Gates that don’t work properly seem to be the norm rather than the exception. No matter how well installed, many gates end up sagging over time and can’t be opened or latched shut properly. For those using electric fencing, the frustration can take the form of metal gates that can pack a real punch when the wire hits them. Here are a few ideas to deal with some of these common gate problems.
We use electric fences around some of our horse pastures and pens to keep horses from chewing the fence or rubbing on it or to keep livestock from trying to crawl through. We have several metal gates, but wherever there is a metal gate to be spanned by the electric wire, the wire can sometimes touch the gate and short out the fence—or run current through the gate, which can lead to a nasty shock for the user. And, if you forget to unhook the electric handle, the same nasty surprise awaits. Even if the electric wire and its insulated gate handle are a few inches away from the metal gate, the wind can sometimes cause the wire to touch the gate.
A good way to eliminate the chance of having the hot wire touch the gate is to put that segment of wire through an old garden hose. The piece of rubber hose adequately insulates the wire where it travels along the gate, and prevents any short-outs or shocks if it does happen to touch or brush against the gate. We’ve found this to be a good use for old garden hoses—even old leaky ones or hoses with ruined screw-ends.
The Sagging Gate
A wooden or metal gate can become a heavy burden to open and close if it begins to sag and drag on the ground. Even gate posts that are sturdy and set deep in the ground can occasionally “give” a bit over time, unless they were originally set in concrete. Sometimes frost pushes posts upward, making them less secure.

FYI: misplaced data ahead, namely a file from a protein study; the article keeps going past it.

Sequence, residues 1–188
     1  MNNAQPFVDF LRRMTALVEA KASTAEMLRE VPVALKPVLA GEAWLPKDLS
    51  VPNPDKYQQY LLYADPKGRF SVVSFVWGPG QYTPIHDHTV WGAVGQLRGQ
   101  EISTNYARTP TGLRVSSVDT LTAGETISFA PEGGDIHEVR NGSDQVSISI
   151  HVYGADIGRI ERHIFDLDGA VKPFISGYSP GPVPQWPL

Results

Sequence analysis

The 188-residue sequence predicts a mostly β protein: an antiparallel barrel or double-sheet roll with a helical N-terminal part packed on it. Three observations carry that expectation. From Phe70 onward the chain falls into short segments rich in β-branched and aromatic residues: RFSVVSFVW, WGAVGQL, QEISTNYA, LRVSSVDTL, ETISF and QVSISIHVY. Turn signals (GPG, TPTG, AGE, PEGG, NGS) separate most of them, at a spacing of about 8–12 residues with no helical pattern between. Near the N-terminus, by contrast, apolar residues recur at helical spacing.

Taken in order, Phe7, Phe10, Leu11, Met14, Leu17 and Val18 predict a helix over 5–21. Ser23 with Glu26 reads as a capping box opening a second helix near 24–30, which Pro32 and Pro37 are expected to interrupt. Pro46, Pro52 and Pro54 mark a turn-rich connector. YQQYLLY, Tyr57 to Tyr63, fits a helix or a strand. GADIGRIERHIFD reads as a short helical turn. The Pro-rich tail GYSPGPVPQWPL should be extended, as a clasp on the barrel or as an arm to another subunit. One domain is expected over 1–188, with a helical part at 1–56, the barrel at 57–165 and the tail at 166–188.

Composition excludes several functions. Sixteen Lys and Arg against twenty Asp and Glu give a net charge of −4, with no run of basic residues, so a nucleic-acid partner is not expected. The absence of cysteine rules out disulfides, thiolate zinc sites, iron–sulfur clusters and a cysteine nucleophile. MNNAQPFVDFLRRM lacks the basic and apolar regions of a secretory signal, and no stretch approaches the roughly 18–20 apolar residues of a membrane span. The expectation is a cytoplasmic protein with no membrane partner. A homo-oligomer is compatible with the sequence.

This problem can be solved, however, by putting a small wheel on the moving end of the panel or sagging gate. The wheel takes all the weight and supports the gate—preventing it from sagging any further—and also enables it to move more easily.
Just about any type of small wheel will work. On our gates, we have used old wheelbarrow tires, or small metal wheels—the kind you sometimes find in old junk piles or might salvage from a piece of ancient farm equipment. A wheelbarrow tire can be easily adapted by bolting one or both of the uprights (the piece of metal that comes down either side of the tire to hold its small axle) to a wooden or pole gate.
An old wheel or tire with any kind of long axle attached to it can be securely wired to a metal gate. The horizontal piece of axle can be fastened to the bottom rail or pipe. If you use stiff, strong wire and securely wire it at each end of the axle (close to the wheel, and at the opposite end also) the wheel will stay solidly in place and the weight of the gate will not alter the angle of the wheel very much, if at all.
For the same reasons that gates begin to sag, the latch systems found on many metal gates can also start to fail when the latch no longer reaches the hole in the post.
A simple way to fix this without having to reset the gate post or rehang the gate is to securely attach two small poles or boards on either side of the latch hole on the gate post. Then the metal latch (when shut) will catch between the two poles or boards to hold the gate shut.
Occasionally, a gate may be made of wire rather than of metal or wood. Wire gates (made of netting, or six to eight strands of smooth or barbed wire, with stays to keep the wire properly spaced) can sometimes become difficult to close, especially if they are tight gates that livestock can’t crawl through. One way to make these gates easier to close is to put a handle on the gate post to give you more leverage for pulling the gate shut.
A metal handle with a wire loop attached can be securely fastened to the top of the gate post. The handle, when open, with the wire loop attached, gives an extra 12 to 18 inches of reach for shutting the gate, eliminating the struggle to get the end of the gate into the wire loop.
When the gate end (small upright post) is put into the loop, you can use the handle for leverage, pushing it up and over, which automatically tightens the gate and brings it up snug to the post. When it’s closed, and the metal handle is folded back over the top of the gate post, it can be secured with a pin in the raised metal tab to keep the handle from ever popping up or coming open accidentally.
Time spent fixing the gates around your property is time well spent. Not only will it alleviate the frustrating, back-breaking opening and closing process, but it will also allow you to handle your horses more safely without the worry of gates that don’t work properly.